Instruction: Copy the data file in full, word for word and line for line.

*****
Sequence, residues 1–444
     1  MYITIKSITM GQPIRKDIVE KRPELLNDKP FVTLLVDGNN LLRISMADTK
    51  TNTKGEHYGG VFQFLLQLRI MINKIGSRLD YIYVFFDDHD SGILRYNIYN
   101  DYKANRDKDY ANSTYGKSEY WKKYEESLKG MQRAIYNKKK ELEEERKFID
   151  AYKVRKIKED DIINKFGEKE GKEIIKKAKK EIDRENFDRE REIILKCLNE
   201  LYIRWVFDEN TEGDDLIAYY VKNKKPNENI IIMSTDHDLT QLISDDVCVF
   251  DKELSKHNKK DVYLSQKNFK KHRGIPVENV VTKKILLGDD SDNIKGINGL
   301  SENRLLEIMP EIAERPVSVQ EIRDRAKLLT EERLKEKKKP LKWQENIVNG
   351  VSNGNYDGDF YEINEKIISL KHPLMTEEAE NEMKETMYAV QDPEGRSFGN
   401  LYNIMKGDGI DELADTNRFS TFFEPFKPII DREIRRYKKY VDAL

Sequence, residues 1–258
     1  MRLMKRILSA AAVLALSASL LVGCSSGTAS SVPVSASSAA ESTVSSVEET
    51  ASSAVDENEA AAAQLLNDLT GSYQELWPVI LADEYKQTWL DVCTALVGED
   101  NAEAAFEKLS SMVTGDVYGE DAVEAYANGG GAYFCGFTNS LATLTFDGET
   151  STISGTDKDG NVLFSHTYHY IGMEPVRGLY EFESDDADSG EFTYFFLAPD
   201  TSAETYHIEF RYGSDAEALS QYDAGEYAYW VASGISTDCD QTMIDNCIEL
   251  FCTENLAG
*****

Sequence, residues 1–444
     1  MYITIKSITM GQPIRKDIVE KRPELLNDKP FVTLLVDGNN LLRISMADTK
    51  TNTKGEHYGG VFQFLLQLRI MINKIGSRLD YIYVFFDDHD SGILRYNIYN
   101  DYKANRDKDY ANSTYGKSEY WKKYEESLKG MQRAIYNKKK ELEEERKFID
   151  AYKVRKIKED DIINKFGEKE GKEIIKKAKK EIDRENFDRE REIILKCLNE
   201  LYIRWVFDEN TEGDDLIAYY VKNKKPNENI IIMSTDHDLT QLISDDVCVF
   251  DKELSKHNKK DVYLSQKNFK KHRGIPVENV VTKKILLGDD SDNIKGINGL
   301  SENRLLEIMP EIAERPVSVQ EIRDRAKLLT EERLKEKKKP LKWQENIVNG
   351  VSNGNYDGDF YEINEKIISL KHPLMTEEAE NEMKETMYAV QDPEGRSFGN
   401  LYNIMKGDGI DELADTNRFS TFFEPFKPII DREIRRYKKY VDAL

Sequence, residues 1–258
     1  MRLMKRILSA AAVLALSASL LVGCSSGTAS SVPVSASSAA ESTVSSVEET
    51  ASSAVDENEA AAAQLLNDLT GSYQELWPVI LADEYKQTWL DVCTALVGED
   101  NAEAAFEKLS SMVTGDVYGE DAVEAYANGG GAYFCGFTNS LATLTFDGET
   151  STISGTDKDG NVLFSHTYHY IGMEPVRGLY EFESDDADSG EFTYFFLAPD
   201  TSAETYHIEF RYGSDAEALS QYDAGEYAYW VASGISTDCD QTMIDNCIEL
   251  FCTENLAG